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The music venue continues after COVID: “I want this to become a Columbia institution.” | News about concerts and music

Over the past year, a Columbia home has hosted concerts with up-and-coming bands through the video streaming platform Twitch.

It’s part of a series of shows from the venue dubbed “At The Addition” – housed in a literal addition built on top of a house. The series is nearing the end of its third concert season, having debuted in February 2021.

Born amid the COVID-19 pandemic, it now finds its place among the return of the pre-pandemic global music scene – concerts that take place with crowds packed into dimly lit concert spaces, neon lights flashing around them and guitar strums and drum beats echo around.

Indeed, local venues like Columbia’s New Brookland Tavern and the Senate have seen concerts return in force, with some acts selling out. And this is not a new phenomenon.

For example, New Brookland hosted Asheville indie rocker Indigo De Souza in November and the cozy space was filled to near capacity; more recently, shows by artists like Bilmuri have drawn similar crowds.

Still, At The Addition co-founder Austin Syms doesn’t see the return of live in-person shows as a reason to lose faith in the concert-streaming model.

The series played its most recent show on May 8 with Yellow Boots, and Syms said in an interview with Free Times that they plan to continue hosting new streaming concert seasons. He postulated that this fulfills an important need for emerging bands, as they offer well-produced live recordings of each band’s concert, which, according to a participating band, can then be used to help them build their profile and book future shows.

“I want this to become a Columbia institution, as do everyone involved,” Syms said. “I think we’re all invested and we’re not going to stop.”

Comprised of a team of around 20 volunteer crew members (only around 10 work on a show and active participants fluctuate based on availability), the shows draw between 50 and 100 viewers during streams, with more to come. on the videos available online after.

Colombian indie-pop band Rex Darling played a show At The Addition, its organizers being friends of the band, and its lead singer Catherine Hunsinger praised the experience, which she said had significantly improved her production since her debut.

The stream helps them connect with fans or newcomers to the band who might not be able to attend their shows, she said, and the resulting video is especially important for participating bands. . It can be used to promote the band and, in some cases, as a means of self-criticism of their live performance.

These benefits are significant because At The Addition does not offer payment to bands, but instead offers the streaming show, subsequent recording, and sustenance during the performance day as compensation.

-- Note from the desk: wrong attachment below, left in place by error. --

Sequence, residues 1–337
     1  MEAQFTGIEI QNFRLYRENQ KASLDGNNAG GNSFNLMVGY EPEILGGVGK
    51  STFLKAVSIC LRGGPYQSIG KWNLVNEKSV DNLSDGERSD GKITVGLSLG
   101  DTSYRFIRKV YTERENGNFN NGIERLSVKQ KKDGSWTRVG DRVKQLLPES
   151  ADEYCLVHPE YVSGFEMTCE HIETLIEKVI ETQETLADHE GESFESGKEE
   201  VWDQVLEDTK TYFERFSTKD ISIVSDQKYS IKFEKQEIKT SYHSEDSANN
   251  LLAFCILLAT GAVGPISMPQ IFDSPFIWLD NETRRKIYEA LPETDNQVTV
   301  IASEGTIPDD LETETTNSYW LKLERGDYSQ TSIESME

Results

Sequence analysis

“I guess the media world of social media is becoming so reliant on video content,” Hunsinger explained. “A lot of venues that book artists that they haven’t booked before (want to) so they can see what your performance looks like, what your live sound looks like, versus what the studio stuff looks like .”

At The Addition also stands out in its pattern, as many gigs and streaming opportunities have dwindled as live shows have returned.

Carlin Thompson, booker and sound engineer for New Brookland Tavern, said he was unfamiliar with many of the other streaming concert series left over from the pandemic era, noting that many helped pay artists when the broadcasts did not take place.

“I think for the most part I don’t know of a single site that still does that,” he said. “As soon as the physical shows came back, they stopped doing it.”

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He suggested that At The Addition could follow the model done by Audiotree, a live music recording series that bills recorded shows as “sessions” rather than concerts.

The series has also been a boon to Syms and other behind-the-scenes volunteers. He said it helped him turn to a career in video production and helped others do the same. Syms admitted he wondered if their pool of volunteer help might dwindle over time, but he was able to reassure himself as more and more people became interested in helping out over time.

“The crew is always on the move, but that’s one of the most interesting things in my opinion,” he said.

Syms thought the series was set to expand in the future, noting that a band from Virginia had asked to perform. They were hoping to start having seasons with around three to four months between each.

“We’re looking to expand our range of musicians, we still have a slew of musicians who haven’t played yet…we’re not stopping, we’re just getting started,” he concluded.

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